The Annual Safeguarding Health Information: Building Assurance through HIPAA Security Hosted by the HHS Office for Civil Rights (OCR) and the National Institute of Standards and Technology (NIST) took place last week in DC. In this post I will discuss key takeaways:
- Risk analysis continues to be a main focus of OCR enforcement
- OCR expects larger covered entities and their business associates to know the difference between comprehensive Risk Analyses vs. the narrow examination of Gap Analyses
- The OCR’s SRA 3.0 risk analysis software is very basic and only intended for small providers
- More and more healthcare providers are realizing that they need a robust software solution to conduct their risk analysis to meet OCR’s expectations, and manage today’s threat landscape
Director Severino Re-Affirms His Enforcement Mindset
Two questions on everyone’s mind at the annual Safeguarding HIPAA Summit were: What will OCRs’ attitude be towards enforcement, and what areas of enforcement will it focus on in the coming year? OCR Director, Roger Severino stated during his keynote address that he still maintains an “enforcement mindset.” While his ultimate goal is to achieve a reduction in enforcement actions, Director Severino said, “case numbers are still going up” and healthcare organizations are “not doing the basics.” Severino stated that until this mode of operation changes, OCR enforcement will continue to be a top priority, and, as stated last year, OCR will continue to seek out “big, juicy, egregious cases.”
Risk Analysis Continues to be of Focus for OCR Enforcement
It was not surprising that Director Severino cited the recent $16M Anthem settlement case—the largest OCR enforcement action in history—as an example of a case where a large organization failed to do the basics. Director Severino specifically noted Anthem’s failure to conduct an enterprise risk analysis as one of the deficiencies which led to OCR’s enforcement action. Based on his comments, a takeaway was that risk analysis will continue to be an area of focus for OCR. OCR’s focus on risk analysis was a consistent message, reinforced in later presentations by OCR representatives.
Failure to Understand What’s Required in a Risk Analysis is Not an Excuse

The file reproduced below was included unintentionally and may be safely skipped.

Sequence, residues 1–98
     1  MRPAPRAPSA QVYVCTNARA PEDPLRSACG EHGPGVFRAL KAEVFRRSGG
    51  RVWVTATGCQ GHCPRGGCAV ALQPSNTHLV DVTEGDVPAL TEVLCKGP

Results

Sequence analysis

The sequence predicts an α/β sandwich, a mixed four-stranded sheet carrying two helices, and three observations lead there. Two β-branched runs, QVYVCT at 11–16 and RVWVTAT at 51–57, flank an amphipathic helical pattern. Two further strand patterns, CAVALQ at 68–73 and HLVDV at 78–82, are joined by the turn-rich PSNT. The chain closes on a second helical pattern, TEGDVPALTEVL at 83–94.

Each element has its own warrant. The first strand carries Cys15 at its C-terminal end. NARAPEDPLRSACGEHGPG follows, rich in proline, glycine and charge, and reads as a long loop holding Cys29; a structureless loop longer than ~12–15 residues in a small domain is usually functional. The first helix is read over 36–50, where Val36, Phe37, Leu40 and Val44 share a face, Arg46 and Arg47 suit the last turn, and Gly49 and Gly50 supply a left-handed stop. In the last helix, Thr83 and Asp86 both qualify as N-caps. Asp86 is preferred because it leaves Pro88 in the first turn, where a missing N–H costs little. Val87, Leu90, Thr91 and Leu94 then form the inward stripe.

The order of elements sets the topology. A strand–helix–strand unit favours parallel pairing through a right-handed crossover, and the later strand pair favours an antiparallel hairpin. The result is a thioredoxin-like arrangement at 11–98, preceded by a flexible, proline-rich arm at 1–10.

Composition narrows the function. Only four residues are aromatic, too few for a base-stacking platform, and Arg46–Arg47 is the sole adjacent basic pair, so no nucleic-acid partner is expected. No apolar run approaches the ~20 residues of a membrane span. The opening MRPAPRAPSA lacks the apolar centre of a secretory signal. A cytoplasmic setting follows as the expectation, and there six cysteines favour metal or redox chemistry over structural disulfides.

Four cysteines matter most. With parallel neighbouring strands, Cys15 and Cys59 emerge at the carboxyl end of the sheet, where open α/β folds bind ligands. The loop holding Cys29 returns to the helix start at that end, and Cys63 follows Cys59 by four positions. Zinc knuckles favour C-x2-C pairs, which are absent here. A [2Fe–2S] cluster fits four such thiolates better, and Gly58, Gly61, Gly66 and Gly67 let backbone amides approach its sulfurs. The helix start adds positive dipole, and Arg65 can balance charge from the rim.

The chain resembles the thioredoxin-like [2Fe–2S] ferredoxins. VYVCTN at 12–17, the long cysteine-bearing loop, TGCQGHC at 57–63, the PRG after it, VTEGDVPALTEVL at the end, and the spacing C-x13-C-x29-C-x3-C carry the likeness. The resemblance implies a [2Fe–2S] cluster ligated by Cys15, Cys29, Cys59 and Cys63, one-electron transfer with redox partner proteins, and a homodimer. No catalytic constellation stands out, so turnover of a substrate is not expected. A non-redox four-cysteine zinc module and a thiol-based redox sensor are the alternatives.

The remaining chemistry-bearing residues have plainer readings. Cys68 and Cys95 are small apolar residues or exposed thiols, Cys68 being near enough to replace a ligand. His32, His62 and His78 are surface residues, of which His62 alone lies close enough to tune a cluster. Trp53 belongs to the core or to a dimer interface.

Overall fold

Performing risk analyses for hundreds of healthcare organizations, we have learned that many healthcare providers simply do not understand (or want to understand) how to perform a risk analysis or what’s required to meet OCR’s guidelines. During the conference, representatives from OCR referenced available documentation, which explains those requirements. For instance, OCR has published several guidance documents, which are available on the its web site the risk analysis process is also explained in detail in NIST SP-800 Guide for Conducting Risk Assessments.
Limiting Risk Analysis to Only the EHR is Not Acceptable
Another takeaway focuses on the scope of risk analysis: OCR has stated repeatedly that the risk analysis must be information asset based and that its scope must be enterprise wide. Attendees were reminded that a risk analysis it is not a checklist and that large organizations will be held to a higher standard than smaller organizations.
In our experience, and much to our dismay, we have observed many healthcare organizations limiting their risk analysis to only their EHR system rather than including all of their systems and their components, which create, maintain, transmit, or receive ePHI. Our strong advice to our clients has always been that limiting the scope of the risk analysis to the EHR puts their organization at risk from a security perspective and also from a compliance perspective. Clearwater has been engaged in over 30 OCR cases, and one thing we are sure about: If there is a breach of a system containing ePHI that has not been included in your risk analysis, you are taking your chances with OCR enforcement.
After his presentation, Director Severino was asked what he would say to a healthcare provider who felt that it only needed to include EHR systems in its risk analysis. His responded “the medium is not the point. Any assets, including physical assets that maintain ePHI, must be included in the risk analysis.”
Stay tuned for Part II of Key Takeaways From the Safeguarding HIPAA Summit where I will discuss: The SRA 3.0 Tool, How Healthcare Providers Are Embracing Risk Management Software, and final insights from the Summit
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